Kootenai County Sheriff's officials said this week that other recent crimes -- most notably a road-rage incident that elevated into a citizen's chase with gunshots and a woman run over and killed -- have taken attention away from the Dec. 26 robbery and shooting at Lew's Smoke Shop in Stateline, Idaho.
The Idaho cases are among a spate of incidents in the Spokane area that have people taking the law into their own hands. An elderly Spokane man fired two shots at burglars in his house last month and may have wounded one. Another Spokane man, apparently drunk, trained a rifle on two people he accused of being drug dealers. The people turned out to be a mother picking up her child from a friend's house.
A Kootenai County Sheriff's Department spokesman says investigators in the smoke shop shooting expect to forward autopsy and forensics evidence to the county prosecutor by Jan. 17. Prosecutor Bill Douglas says he is eager to review the evidence, which will include information about how the victim was shot.
"There are still a lot of unanswered questions," Douglas says. "We need to put it to a full review. We need to see whether or not the shooter was in imminent fear of death or great bodily harm -- that's the test that allows a person to use deadly force in self-defense.
"We need to know: One, was there an imminent threat? And two, was the force equal to the threat?"
"We are in the evidence-analysis portion of the investigation. We are comparing evidence to statements made by the store clerk," says Det. Brad Maskell, who is assisting Al March on the case. "We have to look at where the threat was and whether a threat existed."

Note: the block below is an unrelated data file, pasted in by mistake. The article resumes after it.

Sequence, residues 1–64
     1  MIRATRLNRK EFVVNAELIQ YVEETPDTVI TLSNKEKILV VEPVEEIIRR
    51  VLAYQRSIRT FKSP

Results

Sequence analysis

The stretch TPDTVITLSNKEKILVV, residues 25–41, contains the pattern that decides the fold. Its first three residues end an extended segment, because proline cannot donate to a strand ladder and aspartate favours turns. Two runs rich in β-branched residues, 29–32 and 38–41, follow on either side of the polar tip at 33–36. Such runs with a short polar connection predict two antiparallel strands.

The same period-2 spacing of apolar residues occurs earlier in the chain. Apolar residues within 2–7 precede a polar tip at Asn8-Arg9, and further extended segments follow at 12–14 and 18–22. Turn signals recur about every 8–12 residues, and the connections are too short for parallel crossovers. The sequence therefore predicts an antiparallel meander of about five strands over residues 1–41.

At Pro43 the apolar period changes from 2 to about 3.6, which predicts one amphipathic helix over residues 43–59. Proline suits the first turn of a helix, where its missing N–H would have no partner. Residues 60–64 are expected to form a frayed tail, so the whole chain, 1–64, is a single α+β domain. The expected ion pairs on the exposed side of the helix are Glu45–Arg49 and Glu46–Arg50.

A little before 8 o'clock on the evening of Dec. 26, a hooded man identified as 47-year-old Joseph Kalani Hatchie of Otis Orchards, Wash., entered the store, displayed a handgun and demanded money.
The clerk, Jeffrey Hayes, 47, of Post Falls, complied with the robber's demand for cash, then reached under the counter for a .40-caliber semiautomatic pistol and fired 10 shots, killing Hatchie.
Hatchie's weapon turned out to be a pellet gun, and it was not loaded. Hatchie was revealed in the days after his death to have been a father of five, a former military policeman with no criminal record, jobless and facing eviction. His family has said they believe financial pressures drove Hatchie to commit robbery.
At a press conference after the shooting, Kootenai County Sheriff's Capt. Ben Wolfinger (the department's information officer) displayed the pellet gun in an array of other handguns to show local media that the pellet gun did not look like a toy but appeared to be a real weapon.
So was the clerk afraid for his life, one of the reporters asked Wolfinger. "Wouldn't you be?" Wolfinger replied.
This statement has raised hackles in Kootenai County's small criminal justice circles. "Does that statement raise or diminish the public expectation if [Hayes] will be charged or cleared?" Douglas asks. "We don't want to give the appearance that this was a righteous shooting before the investigation is done."
A source close to the investigation who requests anonymity says, "We don't have any evidence [at the time of the statement] and already we are out in public seemingly supporting the action. What that does is promote vigilante justice."
The answer as to whether or not Hayes' actions were justified rest largely upon his own statements to investigators.
The video surveillance system at Lew's had apparently stopped recording images on Dec. 20, nearly a week before the robbery. The video monitor continued to show images, Maskell says, but nothing was being stored on tape or disk. Detectives continue to search for a way to retrieve imagery and are also checking to see if any data was erased.